105°F
weather icon Clear

Police Blotter

March 1, 2:54 a.m.

Police receive several reports of a bad odor, which might be natural gas. Officers discovered it was only lingering effects after a truck of cattle passed by.

March 1, 9:28 a.m.

A man came into the police station lobby to report that he “slightly hit” a black and white dog. The dog jumped up after the accident and ran away into a nearby neighborhood.

March 1, 5:21 p.m.

A man called to report that he dropped $140 out of his pocket and believes his ex-girlfriend has the money and won’t return it. About 30 minutes later, the man’s mother called and said she wanted to speak with whoever was in charge because the money was “clearly” stolen from her son and he had text messages to prove it. She wanted an officer to file a report or she would call an area television news program to say the city no longer had a police department. The mother also said the money was taken out of her son’s wallet, which he had dropped in a car. The original call from the son failed to mention text messages, the wallet or a car. A little later the mother called back and said the issue had been resolved.

March 2, 11:11 a.m.

A person came into the police department’s lobby to thank an officer for his help.

March 2, 12:41 p.m.

Someone from the post office called to report that suspicious people have been seen by local mailboxes. A “fishing kit” of a plastic card with glue on it attached to a string was found at one location.

March 2, 8:17 p.m.

Officers were called about a 13-year-old girl that had appeared to have run away from home. They contacted several friends where she might be but was not located. The girl returned home at 8:19 a.m. the following day and cited for violating curfew at the request of her parents.

March 3, 8:20 a.m.

A woman called officers about an unruly 6-year-old boy who was hitting and biting her. She was advised that the boy was too young for juvenile detention. Officers then spoke with the boy about why he had to go to school and that he should stop hitting and biting people, which he denied doing.

March 4, 3:55 p.m.

Officers were called about a white SUV that appeared to have a man slumped over the steering wheel. The vehicle was found a short time later at St. Jude’s Ranch for Children and the man said he was lost.

March 4, 4:39 p.m.

Officers pulled over a driver who was holding onto a dog that was standing part way out of the window. The driver was advised that although it was not a crime to drive with a dog on one’s lap, it prevented him from paying full attention to his driving, for which he could be cited.

March 6, 9:03 a.m.

A man called police about three men who came to his home demanding money from his daughter for drugs she purchased. The daughter said she and her boyfriend did not know who the men were, and that they told her to call when she had the money or she would “regret it.”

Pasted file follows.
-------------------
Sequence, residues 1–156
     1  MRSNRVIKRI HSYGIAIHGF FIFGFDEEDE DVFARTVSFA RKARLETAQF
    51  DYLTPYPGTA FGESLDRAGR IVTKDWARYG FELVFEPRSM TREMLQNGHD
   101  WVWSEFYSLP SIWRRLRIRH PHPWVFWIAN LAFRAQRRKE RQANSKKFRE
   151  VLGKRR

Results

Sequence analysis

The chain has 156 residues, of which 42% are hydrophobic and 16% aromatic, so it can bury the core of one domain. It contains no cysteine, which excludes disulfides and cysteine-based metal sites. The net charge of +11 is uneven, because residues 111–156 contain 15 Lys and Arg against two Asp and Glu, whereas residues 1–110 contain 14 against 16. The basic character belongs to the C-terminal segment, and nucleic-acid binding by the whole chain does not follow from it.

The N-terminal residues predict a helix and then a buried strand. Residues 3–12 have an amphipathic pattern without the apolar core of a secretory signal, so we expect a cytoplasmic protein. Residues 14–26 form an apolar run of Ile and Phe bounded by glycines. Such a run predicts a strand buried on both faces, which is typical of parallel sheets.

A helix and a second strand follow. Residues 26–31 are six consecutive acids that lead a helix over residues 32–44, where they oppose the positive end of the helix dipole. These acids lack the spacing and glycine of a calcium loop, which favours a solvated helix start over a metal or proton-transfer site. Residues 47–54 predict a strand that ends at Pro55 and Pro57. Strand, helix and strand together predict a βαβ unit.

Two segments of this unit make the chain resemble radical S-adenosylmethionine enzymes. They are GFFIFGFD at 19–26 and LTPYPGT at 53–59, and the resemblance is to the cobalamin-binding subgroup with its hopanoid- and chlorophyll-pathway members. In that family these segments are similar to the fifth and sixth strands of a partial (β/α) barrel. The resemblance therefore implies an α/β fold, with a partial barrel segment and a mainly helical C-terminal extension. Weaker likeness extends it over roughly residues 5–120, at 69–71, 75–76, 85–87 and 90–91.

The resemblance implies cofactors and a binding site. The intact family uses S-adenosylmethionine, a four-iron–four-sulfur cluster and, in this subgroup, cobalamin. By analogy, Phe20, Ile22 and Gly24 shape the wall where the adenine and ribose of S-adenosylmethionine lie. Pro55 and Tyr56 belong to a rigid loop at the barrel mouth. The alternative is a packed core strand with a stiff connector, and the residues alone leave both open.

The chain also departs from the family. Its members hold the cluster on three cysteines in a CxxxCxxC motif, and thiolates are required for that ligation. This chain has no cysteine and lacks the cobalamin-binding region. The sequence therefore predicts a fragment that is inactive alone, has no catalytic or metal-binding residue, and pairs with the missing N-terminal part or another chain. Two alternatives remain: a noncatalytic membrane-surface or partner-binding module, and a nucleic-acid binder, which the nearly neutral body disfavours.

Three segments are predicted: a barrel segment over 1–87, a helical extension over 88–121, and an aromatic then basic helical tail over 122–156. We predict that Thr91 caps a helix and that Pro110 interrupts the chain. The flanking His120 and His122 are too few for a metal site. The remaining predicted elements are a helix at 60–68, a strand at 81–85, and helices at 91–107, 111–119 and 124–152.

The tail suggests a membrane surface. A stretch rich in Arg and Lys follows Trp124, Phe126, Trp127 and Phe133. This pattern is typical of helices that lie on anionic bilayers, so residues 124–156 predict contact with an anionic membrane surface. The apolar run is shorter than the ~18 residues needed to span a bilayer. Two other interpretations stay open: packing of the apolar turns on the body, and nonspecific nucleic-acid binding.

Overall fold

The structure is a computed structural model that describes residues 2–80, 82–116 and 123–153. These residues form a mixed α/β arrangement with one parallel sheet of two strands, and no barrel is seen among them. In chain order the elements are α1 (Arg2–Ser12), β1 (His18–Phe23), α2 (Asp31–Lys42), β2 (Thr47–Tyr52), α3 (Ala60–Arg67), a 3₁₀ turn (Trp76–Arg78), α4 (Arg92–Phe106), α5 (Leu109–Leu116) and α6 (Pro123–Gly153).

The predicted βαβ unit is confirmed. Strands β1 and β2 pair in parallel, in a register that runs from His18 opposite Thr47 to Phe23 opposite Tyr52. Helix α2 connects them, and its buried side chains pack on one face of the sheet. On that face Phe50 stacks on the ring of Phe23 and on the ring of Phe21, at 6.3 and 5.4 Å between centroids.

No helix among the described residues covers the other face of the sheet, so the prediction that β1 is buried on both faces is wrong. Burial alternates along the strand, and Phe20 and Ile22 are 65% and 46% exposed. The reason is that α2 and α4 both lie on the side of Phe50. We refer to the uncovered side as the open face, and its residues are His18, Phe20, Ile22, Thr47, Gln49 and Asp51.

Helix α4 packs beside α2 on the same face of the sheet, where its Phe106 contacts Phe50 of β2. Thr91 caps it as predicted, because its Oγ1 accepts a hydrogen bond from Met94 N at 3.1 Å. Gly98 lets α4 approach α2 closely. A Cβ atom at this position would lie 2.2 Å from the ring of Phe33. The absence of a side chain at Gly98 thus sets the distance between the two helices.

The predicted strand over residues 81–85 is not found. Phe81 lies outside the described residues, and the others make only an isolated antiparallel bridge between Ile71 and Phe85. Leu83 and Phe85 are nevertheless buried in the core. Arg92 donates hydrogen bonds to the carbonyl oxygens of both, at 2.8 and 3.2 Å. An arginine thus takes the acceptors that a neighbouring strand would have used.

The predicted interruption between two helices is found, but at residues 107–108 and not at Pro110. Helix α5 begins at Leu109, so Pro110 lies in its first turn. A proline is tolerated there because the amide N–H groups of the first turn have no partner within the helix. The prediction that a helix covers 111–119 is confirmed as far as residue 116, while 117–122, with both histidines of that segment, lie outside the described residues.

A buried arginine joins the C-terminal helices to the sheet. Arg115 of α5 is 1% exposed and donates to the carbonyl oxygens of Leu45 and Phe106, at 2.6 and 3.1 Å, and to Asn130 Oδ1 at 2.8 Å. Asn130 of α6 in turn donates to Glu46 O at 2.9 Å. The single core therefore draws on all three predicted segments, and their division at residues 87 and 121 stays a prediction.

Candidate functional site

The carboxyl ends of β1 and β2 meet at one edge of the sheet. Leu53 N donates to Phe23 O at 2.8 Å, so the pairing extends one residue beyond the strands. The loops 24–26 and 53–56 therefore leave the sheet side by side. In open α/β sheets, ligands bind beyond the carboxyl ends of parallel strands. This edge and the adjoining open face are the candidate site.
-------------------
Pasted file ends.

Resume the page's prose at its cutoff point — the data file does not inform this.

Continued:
March 6, 10:34 a.m.

A woman called after seeing two men with buckets walking up to her neighbors’ home. The woman believes her neighbors were at church and not home. The men told the woman they were from Cox Cable and were installing cable. Officers verified the men were indeed installing cable.

March 7, 11:09 a.m.

A person came into the lobby to report receiving harassing phone calls and letters referring her to the Kentucky department of revenue about mine property taxes. The person was advised that this was a scam.

March 9, 7:29 p.m.

A woman reported finding a safe that appeared to have been broken into on the sidewalk.

Don't miss the big stories. Like us on Facebook.
THE LATEST
Get help if you feel victimized by scammer

Buying a timeshare can be a rip-off. But imagine getting ripped off twice or three times by crooks promising to help you resell your timeshare. The crooks typically ask for money upfront for advertising, title searches and other administrative fees. You may even be told you’ll get your money back if your timeshare isn’t sold in 90 days. According to investment advisers that’s a big, fat lie. You won’t get anything back except a lighter wallet.

Disaster victims often fall prey to scams

Wildfires, earthquakes, tornadoes and hurricanes. These unpredictable forces of nature can be devastating to those living in affected areas. Even those not directly affected may want to lend support in whatever way they can. Unfortunately, natural disasters are a golden opportunity for scammers, who target those who’ve been directly affected and those who want to offer their support.

To help prevent mosquito bites, eliminate their preferred environment

The Southern Nevada Health District released a press release this month that stated the first West Nile virus-positive mosquitoes of the season were identified in the 89005 ZIP code through its mosquito surveillance program. West Nile virus is the leading cause of mosquito-borne disease in the continental United States. It is most commonly spread to people by the bite of an infected mosquito.

Residents encouraged to prepare for monsoon season

Monsoon season began Saturday,, June 15, and even though no patterns have been sighted in Boulder City, municipal staffers are still encouraging residents to be prepared.

Secret, high-yield accounts just another scam

Older residents can be targets for the promise of high-yield, “prime bank” accounts. Using complicated and phony documents, this scam promises retirees that they can participate in high-yield investments connected to secretive accounts only available to the ultra-high-net-worth families at Swiss, French, English or other overseas banks.